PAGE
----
People can change our culture, value systems, arts, but Jesus Christ doesn’t change. Hebrews 13:5 “Jesus Christ is the same yesterday and today and forever.” He is the Rock of All ages. His kingdom will reign forever while all other kingdoms as the Native kingdoms pass away.

    2. Excellent article Katrina!! You just knocked it out of the park with your excellent writing and articulation of the facts, based on credible references!!

    3. Interesting to call it two-spirit. Sounds like alter-ego. Perhaps demon possession.
      The ironic thing is this fixation on sexual and material identity is a symptom of the person having lost connection with Spirit.
      Those who are in connection with Spirit, do not have to chase their identity around, or find themselves, or make themselves something they are not. They realize that they are already everything and this body is but a temporary vessel. We wear different vessels throughout our infinite existence.
      Covid, goverment corruption, medical tyranny, financial tyranny, and broken self identities are all symptoms of broken people who have lost connection with spirit.

    4. Katrina – well written and thank you. Jen, a second Amen! Common Peasant – bullseye.

      Romans 1:28 – and since they did not see fit to acknowledge God, He gave them up to a depraved mind, to do what ought not to be done.

      • Elizabeth Henry: I do not acknowledge your god. I’m an atheist. But I am not depraved. I donate time and money to local charities, drive Meals on Wheels, retired from a science career. I’m a normal if not boring guy doing good. I’m doing what OUGHT to be done.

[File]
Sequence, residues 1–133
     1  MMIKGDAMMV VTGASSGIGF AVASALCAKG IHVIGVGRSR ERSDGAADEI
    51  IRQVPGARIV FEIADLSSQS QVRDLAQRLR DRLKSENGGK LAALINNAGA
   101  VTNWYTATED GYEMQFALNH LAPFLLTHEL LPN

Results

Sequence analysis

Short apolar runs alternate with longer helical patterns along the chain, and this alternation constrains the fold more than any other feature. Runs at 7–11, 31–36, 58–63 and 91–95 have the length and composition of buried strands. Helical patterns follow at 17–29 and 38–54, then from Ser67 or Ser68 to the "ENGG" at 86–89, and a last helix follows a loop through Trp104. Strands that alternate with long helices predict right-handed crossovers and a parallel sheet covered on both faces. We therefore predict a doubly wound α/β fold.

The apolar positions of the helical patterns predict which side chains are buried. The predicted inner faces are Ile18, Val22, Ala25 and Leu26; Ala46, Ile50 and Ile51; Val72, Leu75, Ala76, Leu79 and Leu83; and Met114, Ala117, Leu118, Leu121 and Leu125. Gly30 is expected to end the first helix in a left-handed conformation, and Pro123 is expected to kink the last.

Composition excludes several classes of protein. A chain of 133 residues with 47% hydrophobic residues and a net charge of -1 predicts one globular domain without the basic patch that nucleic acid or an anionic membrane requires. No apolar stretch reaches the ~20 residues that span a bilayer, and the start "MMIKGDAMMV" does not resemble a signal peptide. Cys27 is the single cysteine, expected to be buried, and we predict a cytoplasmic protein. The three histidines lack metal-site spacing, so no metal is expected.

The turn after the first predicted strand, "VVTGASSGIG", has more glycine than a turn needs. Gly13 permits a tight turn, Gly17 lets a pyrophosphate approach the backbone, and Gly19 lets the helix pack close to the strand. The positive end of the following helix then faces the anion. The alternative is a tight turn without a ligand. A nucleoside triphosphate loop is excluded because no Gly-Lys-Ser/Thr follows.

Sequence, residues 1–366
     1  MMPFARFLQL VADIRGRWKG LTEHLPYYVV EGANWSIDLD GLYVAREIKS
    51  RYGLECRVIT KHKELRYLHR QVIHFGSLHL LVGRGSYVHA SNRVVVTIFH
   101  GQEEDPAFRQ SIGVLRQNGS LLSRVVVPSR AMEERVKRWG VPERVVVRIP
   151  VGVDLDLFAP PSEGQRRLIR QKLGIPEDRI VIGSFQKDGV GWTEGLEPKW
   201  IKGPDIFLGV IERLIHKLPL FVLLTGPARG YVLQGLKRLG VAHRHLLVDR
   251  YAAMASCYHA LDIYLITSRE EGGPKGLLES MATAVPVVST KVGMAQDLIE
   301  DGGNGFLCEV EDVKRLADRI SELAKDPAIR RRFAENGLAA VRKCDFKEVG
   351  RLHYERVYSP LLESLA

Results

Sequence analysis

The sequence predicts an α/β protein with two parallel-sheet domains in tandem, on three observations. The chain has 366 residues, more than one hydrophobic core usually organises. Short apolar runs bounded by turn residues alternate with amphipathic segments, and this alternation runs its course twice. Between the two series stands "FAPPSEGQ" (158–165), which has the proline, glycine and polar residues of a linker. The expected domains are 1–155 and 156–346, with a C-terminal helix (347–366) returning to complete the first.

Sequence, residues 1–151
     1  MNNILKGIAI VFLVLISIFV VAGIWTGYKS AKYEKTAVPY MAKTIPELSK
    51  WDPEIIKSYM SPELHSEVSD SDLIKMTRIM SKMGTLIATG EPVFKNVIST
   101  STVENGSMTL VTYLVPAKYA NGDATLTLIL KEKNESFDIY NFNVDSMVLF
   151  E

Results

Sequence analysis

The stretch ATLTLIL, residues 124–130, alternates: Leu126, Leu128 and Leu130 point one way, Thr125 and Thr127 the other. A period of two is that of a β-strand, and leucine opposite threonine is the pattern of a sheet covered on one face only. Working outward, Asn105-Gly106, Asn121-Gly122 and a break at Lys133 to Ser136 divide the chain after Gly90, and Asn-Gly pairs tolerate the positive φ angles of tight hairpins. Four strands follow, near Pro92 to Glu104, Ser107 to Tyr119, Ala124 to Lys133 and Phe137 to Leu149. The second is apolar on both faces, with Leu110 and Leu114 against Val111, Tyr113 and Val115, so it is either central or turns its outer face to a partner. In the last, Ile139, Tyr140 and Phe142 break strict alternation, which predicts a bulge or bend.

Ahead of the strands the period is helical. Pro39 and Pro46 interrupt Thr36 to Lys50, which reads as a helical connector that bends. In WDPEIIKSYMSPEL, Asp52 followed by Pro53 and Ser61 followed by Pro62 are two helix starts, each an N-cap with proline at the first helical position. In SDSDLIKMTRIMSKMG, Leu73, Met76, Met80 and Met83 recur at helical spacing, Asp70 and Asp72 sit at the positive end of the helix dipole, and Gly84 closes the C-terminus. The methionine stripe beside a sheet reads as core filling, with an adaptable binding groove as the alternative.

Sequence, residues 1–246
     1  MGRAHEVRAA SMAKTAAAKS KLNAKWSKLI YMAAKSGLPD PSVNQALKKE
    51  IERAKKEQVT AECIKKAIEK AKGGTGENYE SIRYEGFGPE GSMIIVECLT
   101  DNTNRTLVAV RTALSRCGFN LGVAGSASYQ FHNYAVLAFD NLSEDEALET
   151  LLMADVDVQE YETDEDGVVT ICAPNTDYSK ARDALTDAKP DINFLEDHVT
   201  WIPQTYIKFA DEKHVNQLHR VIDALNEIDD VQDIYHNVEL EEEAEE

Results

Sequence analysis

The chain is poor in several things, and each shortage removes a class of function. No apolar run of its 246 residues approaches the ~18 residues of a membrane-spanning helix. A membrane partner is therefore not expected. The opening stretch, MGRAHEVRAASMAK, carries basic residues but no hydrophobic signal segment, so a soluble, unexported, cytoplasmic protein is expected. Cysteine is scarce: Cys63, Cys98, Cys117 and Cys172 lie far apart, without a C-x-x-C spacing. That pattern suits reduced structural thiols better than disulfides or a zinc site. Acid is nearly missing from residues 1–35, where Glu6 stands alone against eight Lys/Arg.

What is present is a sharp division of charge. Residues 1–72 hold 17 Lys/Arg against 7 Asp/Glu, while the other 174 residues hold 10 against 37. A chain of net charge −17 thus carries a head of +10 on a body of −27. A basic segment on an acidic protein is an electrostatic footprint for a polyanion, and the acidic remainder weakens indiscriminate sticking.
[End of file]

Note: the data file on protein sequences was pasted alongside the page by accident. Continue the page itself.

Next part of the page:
• One of the biggest obstacles preventing useful communications within communities is Christian extremists’ insistence that anyone who is not a Christian is incapable of having morals, incapable of doing right for the sake of right, incapable of making decisions that take into account the effect those decisions have on others. Christian extremists very literally demonize anyone who does not believe in their deity. I, too, am an atheist, but aside from not believing in the Judeo-Christian deity, what is it that I do that they think is so terrible? I worked for an honest living all my adult life, pay my taxes, served in the military, donate time and money to charities, and try hard to live my life so as to not harm others. I’m willing to listen to the opinions of religious people about community issues, even when those opinions are based on a religious faith that I don’t share. Why can’t they return that respect?